Zipping the Scales

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Obesityzipcode0912finalx_3I found this article by the Seattle PI very interesting.   Before moving to West Seattle (10-14% obesity zip code), I lived on North Lake in the West Hill neigh- borhood of Auburn (a more than 25% obesity zip code).   

Living at North Lake meant that I planned my groceries because it was a bit of a trek to make it to QFC (which is now gone).  The produce and meats were pretty good quality.   The neighborhood also had other low cost grocery stores.  I felt that QFC, at the time, offered the highest quality.   There was (is?) a Trader Joes, for some reason, I didn’t shop there.

Living in West Seattle, we currently have several grocery stores, including Metropolitan Market and PCC.   Whole Foods is coming soon (it’s rumored that Trader Joes will follow).    With so many stores, I find myself shopping for groceries every day for that nights meal.   The grocery store is an almost retreat like a pleasant break in my day.   Metropolitan Market has great samples of cheeses and the kiosk is always cooking up something great.   The produce and meats are very fresh.   (When I lived in Des Moines, I loved going to the local butcher, B&E Meats over the grocery store).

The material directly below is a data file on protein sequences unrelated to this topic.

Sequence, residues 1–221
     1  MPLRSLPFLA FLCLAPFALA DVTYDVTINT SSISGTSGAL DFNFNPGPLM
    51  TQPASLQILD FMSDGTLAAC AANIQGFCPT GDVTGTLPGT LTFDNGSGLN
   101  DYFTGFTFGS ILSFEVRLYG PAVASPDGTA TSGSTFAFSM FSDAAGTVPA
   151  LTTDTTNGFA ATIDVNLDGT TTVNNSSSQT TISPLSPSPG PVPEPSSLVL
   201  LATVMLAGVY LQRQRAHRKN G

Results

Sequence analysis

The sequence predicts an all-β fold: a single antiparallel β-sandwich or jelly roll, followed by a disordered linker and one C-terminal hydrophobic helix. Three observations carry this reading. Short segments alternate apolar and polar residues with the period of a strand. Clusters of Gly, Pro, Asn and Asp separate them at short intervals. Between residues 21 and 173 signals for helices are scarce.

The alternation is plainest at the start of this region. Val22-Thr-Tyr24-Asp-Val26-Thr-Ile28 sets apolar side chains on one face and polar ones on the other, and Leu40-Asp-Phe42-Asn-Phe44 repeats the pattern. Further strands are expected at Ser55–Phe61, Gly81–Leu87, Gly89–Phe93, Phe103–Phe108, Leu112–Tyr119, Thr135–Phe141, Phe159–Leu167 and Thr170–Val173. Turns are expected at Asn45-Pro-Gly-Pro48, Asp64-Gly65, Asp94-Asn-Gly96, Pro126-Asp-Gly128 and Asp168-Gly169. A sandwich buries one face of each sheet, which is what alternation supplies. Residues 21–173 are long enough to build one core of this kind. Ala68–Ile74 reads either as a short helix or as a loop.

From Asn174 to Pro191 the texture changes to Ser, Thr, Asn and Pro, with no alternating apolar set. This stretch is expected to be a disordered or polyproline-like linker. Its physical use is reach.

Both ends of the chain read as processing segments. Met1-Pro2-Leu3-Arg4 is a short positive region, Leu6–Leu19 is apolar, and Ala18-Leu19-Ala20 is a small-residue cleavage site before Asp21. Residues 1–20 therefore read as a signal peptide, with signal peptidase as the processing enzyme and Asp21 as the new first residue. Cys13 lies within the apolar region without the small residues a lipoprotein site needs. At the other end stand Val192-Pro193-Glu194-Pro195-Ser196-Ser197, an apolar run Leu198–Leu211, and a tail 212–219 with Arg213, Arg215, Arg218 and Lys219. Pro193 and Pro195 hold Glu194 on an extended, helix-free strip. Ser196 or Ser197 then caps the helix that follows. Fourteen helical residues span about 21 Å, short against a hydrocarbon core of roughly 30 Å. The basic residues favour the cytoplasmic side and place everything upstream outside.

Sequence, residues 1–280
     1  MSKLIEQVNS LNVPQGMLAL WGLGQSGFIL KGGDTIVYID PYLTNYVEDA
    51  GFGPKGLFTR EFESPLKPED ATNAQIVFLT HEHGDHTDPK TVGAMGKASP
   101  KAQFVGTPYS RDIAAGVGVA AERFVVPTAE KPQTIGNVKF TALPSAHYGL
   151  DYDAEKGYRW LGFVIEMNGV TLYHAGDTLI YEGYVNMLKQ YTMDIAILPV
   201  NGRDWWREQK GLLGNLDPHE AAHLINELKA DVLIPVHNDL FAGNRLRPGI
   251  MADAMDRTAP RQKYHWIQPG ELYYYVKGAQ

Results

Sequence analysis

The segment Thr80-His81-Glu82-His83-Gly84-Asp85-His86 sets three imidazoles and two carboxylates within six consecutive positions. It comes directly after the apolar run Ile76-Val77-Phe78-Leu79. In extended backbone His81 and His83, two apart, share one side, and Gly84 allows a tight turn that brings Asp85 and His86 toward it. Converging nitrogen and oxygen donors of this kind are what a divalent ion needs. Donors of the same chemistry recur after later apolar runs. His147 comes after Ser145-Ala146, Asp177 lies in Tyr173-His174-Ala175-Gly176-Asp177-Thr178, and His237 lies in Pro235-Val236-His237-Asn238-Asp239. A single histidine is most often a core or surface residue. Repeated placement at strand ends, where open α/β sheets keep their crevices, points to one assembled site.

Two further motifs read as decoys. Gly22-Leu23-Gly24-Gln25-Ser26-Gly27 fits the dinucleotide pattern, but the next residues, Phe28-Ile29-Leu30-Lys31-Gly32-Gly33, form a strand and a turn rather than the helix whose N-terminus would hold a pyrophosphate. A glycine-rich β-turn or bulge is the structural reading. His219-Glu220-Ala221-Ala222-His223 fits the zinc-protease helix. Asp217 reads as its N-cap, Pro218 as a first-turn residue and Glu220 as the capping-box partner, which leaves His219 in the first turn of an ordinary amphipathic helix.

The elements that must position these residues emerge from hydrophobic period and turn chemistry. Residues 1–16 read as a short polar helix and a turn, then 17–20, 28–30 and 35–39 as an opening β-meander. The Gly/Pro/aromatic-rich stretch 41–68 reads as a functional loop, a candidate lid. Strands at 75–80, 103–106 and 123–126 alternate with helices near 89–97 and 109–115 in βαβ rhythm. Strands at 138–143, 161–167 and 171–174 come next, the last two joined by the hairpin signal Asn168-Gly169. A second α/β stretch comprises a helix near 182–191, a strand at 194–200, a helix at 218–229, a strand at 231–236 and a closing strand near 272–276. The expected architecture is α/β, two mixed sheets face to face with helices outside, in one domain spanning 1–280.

Where my home was located in West Hill Auburn, we had a lot of Weyerhauser walkers (North Lake is next to Weyerhauser’s corporate headquarters)…admittedly, I was not one of them.   I do get out and walk more living in West Seattle.  In fact, this is a much more "active" neighborhood than my former.   You have to be mindful opening your car door or you just might nail a bicyclist.   Joggers, walkers and people with strollers cover the sidewalk.   

The study, which followed 9000 King County residents boils down to:

  • Access to fresh healthy foods.
  • Cost of fresh healthy foods and organics compared to canned and other processed foods.
  • Education about different types of food and reading labels.   One example in the article which surprised me, is that raisin bran was less healthy than frosted mini-wheats.
  • Walkable neighborhoods (sidewalks, safety, etc.)

To read the entire article, click here.

UPDATE:  Hat tip to Lisa Wallace-Baker who just told me about Walk Score which "grades" how walkable your neighborhood is.   My West Seattle neighorhood scored 32 out of 100 and my former Auburn scored a 15.

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